Over at the Should Be Reading blog, MizB is having her WWW Wednesday meme. I’ll use this as an excuse to post on the best novel of 2011: The Shadow Reader, by Sandy Williams.
McKenzie has been loyally aiding the forces of the king of the fae during their civil war, but is forced through a fissure into their Realm by Aren, a leader of the rebels. The fae, who are human-size and use swords rather than technology for their battles, can fissure at will around their Realm and even into our world, and McKenzie is the key to this war: She can read the shadows left by the vanished fissures, pinpointing their destinations. Her ability gives an extreme advantage for the forces of the king, since they can pursue with superior forces the rebel fae who fissure away.
Kept a prisoner and at risk of her life unless she helps the rebels, McKenzie is forced to hear Aren’s view: The king’s forces are oppressors, militarily and economically. They’ve lied to her. Manipulated her. Made her think she was helping the good guys. But the rebels are the right side. They even teach her their fae language, which the king’s forces never did, so she can listen to their discussions and decide for herself.
McKenzie becomes confused and wonders if she’s suffering from Stockholm syndrome. It doesn’t help that Aren, though smirky, is a compelling masculine presence. After all, he keeps the other rebels from killing her, and he teaches her things about their side she never knew before. But she longs for Kyol, the king’s swordbearer, who has been at her side and protected her for ten years during this war. She and Kyol are in love, but can never reveal their forbidden affection—forbidden by the king, not by the rebel forces. McKenzie must choose. Which side is right? Which man really cares for her?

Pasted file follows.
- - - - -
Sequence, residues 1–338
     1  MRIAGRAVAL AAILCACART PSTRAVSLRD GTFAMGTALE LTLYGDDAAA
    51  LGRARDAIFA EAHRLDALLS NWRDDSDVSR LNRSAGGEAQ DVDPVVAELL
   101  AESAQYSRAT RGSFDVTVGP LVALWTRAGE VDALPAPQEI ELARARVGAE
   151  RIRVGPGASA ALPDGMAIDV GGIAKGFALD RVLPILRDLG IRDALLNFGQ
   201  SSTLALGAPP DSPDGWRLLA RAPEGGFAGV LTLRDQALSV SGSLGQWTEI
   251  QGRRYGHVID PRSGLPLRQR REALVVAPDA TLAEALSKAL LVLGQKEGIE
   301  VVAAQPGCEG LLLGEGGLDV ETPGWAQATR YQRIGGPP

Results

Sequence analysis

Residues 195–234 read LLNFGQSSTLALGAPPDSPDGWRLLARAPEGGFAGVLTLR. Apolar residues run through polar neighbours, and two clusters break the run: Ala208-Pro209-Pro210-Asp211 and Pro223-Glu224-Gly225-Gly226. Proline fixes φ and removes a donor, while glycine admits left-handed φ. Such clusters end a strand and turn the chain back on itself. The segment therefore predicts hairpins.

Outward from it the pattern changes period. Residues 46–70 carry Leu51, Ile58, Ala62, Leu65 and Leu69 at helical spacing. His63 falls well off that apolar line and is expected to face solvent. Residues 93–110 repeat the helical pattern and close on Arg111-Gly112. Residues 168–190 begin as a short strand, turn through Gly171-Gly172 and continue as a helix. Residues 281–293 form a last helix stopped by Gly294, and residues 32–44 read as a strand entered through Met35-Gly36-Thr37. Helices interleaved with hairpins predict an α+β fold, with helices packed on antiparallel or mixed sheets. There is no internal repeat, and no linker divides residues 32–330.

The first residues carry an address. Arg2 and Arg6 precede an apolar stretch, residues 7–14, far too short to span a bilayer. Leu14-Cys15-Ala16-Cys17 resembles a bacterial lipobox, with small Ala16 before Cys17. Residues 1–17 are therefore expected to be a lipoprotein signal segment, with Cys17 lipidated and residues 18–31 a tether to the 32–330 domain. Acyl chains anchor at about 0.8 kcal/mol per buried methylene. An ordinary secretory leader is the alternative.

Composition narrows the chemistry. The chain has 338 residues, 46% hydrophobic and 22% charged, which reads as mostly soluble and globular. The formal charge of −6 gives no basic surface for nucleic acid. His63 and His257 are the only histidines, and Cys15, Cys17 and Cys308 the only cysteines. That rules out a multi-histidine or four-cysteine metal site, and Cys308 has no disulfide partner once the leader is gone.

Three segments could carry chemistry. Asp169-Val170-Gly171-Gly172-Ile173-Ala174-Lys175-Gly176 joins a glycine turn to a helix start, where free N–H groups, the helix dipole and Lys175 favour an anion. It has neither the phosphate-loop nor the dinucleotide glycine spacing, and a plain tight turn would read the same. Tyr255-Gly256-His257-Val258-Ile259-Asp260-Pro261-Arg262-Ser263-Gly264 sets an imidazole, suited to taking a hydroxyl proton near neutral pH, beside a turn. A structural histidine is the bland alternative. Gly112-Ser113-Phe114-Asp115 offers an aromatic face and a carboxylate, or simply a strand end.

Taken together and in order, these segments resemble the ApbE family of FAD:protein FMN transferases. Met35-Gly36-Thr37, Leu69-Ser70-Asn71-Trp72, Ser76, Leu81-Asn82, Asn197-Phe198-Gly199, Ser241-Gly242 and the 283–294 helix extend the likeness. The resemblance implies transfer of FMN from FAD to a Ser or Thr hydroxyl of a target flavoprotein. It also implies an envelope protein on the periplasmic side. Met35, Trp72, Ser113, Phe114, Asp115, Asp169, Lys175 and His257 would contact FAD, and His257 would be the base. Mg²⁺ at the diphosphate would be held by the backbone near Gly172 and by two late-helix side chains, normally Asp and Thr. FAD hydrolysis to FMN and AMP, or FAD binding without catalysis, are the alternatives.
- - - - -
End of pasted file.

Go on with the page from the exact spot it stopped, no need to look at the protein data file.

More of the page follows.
The Shadow Reader does not give easy answers for McKenzie. A simpler story would have her saying, “Okay, I’ll abandon everything I’ve known and join your side” in the first thirty pages. The rebels are threatening to kill her, but the king’s forces never taught her their language. Both sides commit war crimes. Is Aren lying to her? Has Kyol been manipulating her? And McKenzie is no shrinking violet. Her escape attempts are believable. (Finally, a kidnapped female who doesn’t just sit on her hands!) I highly recommend this one.
(Note: This book has a beautiful cover, but the main character does not carry a sword. Also, she has brown hair, not the more exotic blondish-brownish that’s shown. And there’s no indication she’s built like this cover model. But other than that, it’s just like her!)
My honorable mention goes to Dying Bites, by D.D. Barant.
FBI profiler Jace Valchek finds herself in an alternate dimension, where the vampires, werewolves, and golems have won, and humans are less than one percent of the population. So why should she help them solve a murder? See my full review of this novel.